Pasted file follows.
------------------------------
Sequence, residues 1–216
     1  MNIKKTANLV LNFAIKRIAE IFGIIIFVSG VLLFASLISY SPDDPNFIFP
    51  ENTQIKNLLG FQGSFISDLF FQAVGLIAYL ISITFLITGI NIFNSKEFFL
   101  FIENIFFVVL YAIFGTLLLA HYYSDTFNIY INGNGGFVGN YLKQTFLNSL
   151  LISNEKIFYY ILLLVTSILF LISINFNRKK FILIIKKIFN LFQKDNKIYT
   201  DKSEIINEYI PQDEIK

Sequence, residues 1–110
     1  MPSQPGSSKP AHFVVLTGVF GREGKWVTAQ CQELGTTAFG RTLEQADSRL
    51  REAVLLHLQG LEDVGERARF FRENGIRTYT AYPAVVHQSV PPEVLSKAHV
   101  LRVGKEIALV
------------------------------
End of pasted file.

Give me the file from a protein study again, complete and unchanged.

Sequence, residues 1–216
     1  MNIKKTANLV LNFAIKRIAE IFGIIIFVSG VLLFASLISY SPDDPNFIFP
    51  ENTQIKNLLG FQGSFISDLF FQAVGLIAYL ISITFLITGI NIFNSKEFFL
   101  FIENIFFVVL YAIFGTLLLA HYYSDTFNIY INGNGGFVGN YLKQTFLNSL
   151  LISNEKIFYY ILLLVTSILF LISINFNRKK FILIIKKIFN LFQKDNKIYT
   201  DKSEIINEYI PQDEIK

Sequence, residues 1–110
     1  MPSQPGSSKP AHFVVLTGVF GREGKWVTAQ CQELGTTAFG RTLEQADSRL
    51  REAVLLHLQG LEDVGERARF FRENGIRTYT AYPAVVHQSV PPEVLSKAHV
   101  LRVGKEIALV